It was a brilliant strategy and oddly perfectly timed. There was a very good reason gay rights were front page news. That was because an overwhelming number of Americas were appalled at how gays were being treated and were in favor of a wide spread of options that, collectively, could be summed up in the term “equality before the law.” The public did not need an exposé or investigative report to know how badly gays had been and were being treated. They knew. When it was revealed that the root of the problem was a reference in a will that was almost a century old, the public came running to the rescue of the gay couple.
Further, as a legal backstop, the attorney had suggested that the couple get married. This could negate any suggestion that the couple was not living a “moral life.” Time was of the essence even though gay marriage was not legal in Minnesota and neither of the men was a legal resident in any other state. Someone suggested that Father Theophorus Segundo de Soga perform the religious ceremony. It would not be legal in the eyes of the State of Minnesota, but it would be before God and He, She or It was the ultimate moral arbitrator. Besides, the question here was not state law, it was a “moral lifestyle” which could be defined as matrimony.
Soga was the perfect man to perform such a ceremony. He was a long-term resident of Radissonville and was well-known to have LGBT sympathies. It was also well-known among the elderly Catholics that the Father had been residing with another long-term priest in a modest home with a single bedroom. It did take a nuclear physicist to draw the logical conclusion. He was also a moral activist; he knew you could not stand over a broken pipe and say, “God will provide” and expect it to be fixed.
The wedding was a modest affair with Father Theophorus Segundo de Soga presiding with a Unitarian minister signing a State of Minnesota marriage license. Individuals who register with the State of Minnesota could marry couples but there had yet to be a successful challenge to the marriage of a same sex couple. The Unitarian minister, a progressive Democrat, relished a legal fight with the Republican Governor. That the Chair of the Unitarian Fellowship Board of Directors was also the Chairman of the Radissonville Chapter of the American Civil Liberties Union did not hurt either. The legitimate State of Minnesota was, in a way, present at the ceremony because State Senator Jason Sandborn was there with his gay son and his son’s partner. LBGT voters and their friends were a sizeable chunk of the Radissonville electorate and nothing pleased Jason Sandborn, a Republican, more than taking a swatch of votes away from any Democrat challenger.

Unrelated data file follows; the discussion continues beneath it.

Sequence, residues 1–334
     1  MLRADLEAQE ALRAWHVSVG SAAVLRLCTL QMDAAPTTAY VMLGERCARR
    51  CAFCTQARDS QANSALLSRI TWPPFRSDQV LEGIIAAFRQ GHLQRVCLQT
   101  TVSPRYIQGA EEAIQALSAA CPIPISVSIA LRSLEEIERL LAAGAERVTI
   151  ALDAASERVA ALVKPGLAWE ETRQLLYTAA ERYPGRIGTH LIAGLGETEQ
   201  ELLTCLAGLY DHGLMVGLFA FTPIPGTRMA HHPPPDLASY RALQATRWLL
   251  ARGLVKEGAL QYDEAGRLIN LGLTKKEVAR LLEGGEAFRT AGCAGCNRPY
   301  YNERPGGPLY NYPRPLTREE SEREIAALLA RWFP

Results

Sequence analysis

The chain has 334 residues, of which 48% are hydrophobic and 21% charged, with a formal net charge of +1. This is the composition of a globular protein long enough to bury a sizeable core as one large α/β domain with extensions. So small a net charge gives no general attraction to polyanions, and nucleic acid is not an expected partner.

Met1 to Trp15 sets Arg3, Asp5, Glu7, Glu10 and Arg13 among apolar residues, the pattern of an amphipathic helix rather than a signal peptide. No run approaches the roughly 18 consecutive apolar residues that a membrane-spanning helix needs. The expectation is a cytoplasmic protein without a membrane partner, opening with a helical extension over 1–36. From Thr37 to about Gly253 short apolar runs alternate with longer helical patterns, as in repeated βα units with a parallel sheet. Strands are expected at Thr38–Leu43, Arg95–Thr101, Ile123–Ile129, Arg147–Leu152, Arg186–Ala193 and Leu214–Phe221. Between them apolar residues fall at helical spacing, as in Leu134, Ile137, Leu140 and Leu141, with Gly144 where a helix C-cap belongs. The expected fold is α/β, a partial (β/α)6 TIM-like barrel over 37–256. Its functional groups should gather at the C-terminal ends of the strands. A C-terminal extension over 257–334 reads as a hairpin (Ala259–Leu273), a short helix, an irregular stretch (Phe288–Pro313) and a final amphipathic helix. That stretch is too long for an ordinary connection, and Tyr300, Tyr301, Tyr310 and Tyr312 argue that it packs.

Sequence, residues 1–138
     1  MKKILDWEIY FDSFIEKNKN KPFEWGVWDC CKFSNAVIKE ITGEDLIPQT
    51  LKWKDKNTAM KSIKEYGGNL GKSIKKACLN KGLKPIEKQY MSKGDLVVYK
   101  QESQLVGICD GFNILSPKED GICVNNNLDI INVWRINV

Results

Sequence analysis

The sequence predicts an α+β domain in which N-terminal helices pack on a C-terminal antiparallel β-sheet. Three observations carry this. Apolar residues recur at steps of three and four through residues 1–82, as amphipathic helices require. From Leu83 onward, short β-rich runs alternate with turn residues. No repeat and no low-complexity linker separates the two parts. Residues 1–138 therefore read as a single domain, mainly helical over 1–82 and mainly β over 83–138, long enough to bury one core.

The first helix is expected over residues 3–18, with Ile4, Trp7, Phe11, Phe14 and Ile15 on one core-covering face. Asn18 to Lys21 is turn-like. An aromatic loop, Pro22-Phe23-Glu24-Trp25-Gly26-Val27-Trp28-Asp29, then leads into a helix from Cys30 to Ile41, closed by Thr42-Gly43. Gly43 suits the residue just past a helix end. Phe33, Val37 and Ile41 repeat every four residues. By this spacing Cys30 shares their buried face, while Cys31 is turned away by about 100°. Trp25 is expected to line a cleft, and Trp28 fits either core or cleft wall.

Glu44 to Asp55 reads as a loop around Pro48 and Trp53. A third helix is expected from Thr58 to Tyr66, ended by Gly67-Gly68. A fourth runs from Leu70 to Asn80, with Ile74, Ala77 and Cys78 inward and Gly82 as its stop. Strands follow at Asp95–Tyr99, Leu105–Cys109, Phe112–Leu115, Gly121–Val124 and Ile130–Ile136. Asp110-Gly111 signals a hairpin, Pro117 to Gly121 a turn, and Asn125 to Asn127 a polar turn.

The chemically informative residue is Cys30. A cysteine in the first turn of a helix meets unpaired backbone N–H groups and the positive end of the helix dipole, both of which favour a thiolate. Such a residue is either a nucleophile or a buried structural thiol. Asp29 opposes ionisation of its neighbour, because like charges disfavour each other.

With nothing to lose but a barrel of ink the balance of the family let loose the hounds. It was a donnybrook with both sides flinging writs, orders and sophisticated invectives. It was editorial ink slinging at its best with the Radissonville Coliseum versus the Daily Radissonville Tribune. Both sides savored the black waves which washed over them because it removed red ink. Win or lose, they were selling papers. The Radissonville Coliseum even assigned a special investigative reporter to give daily updates to the radio and television stations.
But the odd man out was Father Theophorus Segundo de Soga. Being a man of the cloth, he refused to do anything but turn the other cheek. He had no dog in the fight and even if he had he would not have loosed it. Since he would not fight back, he became the straw man. He was outed as gay by the Radissonville Coliseum, accused of arranging the marriage so he could get his pedophilic talons into the gay couple’s adopted son and it was insinuated by the evangelical Republicans that he had stage-managed the marriage to make gay rights an issue in the next election. Father Theophorus Segundo de Soga took it all in stride.
But the regional diocese did not. It was all good and well to be, shall we say, they said, close to other priests and share board and bread but it was unacceptable for that fact to be public knowledge. He should have known better — even though other priests in other locales were doing exactly the same thing. Father Theophorus Segundo de Soga’s sin was not that he performed the wedding but that the wedding has loosed the hounds of journalistic hell. It was just what the Catholic Church did not need in these days of recovering from the child molesting court cases.
Father Theophorus Segundo de Soga was sacked. But there is very little you can do to a mid-70s man of God who owned his own home free and clear and had banked several hundred thousand dollars from his modest salary. He left his frock on the pulpit and pulled on a pair of jeans and a light blue work shirt to sit behind a desk in the LGBT association office. He kept a collection of small cast iron tigers on his desk to remind him that he, like his namesake, had been martyred in the Coliseum.
[This short story is from Steven Levi’s “We Don’t Give a Damn How They Do It in Minneapolis-St. Paul!” available on Kindle.]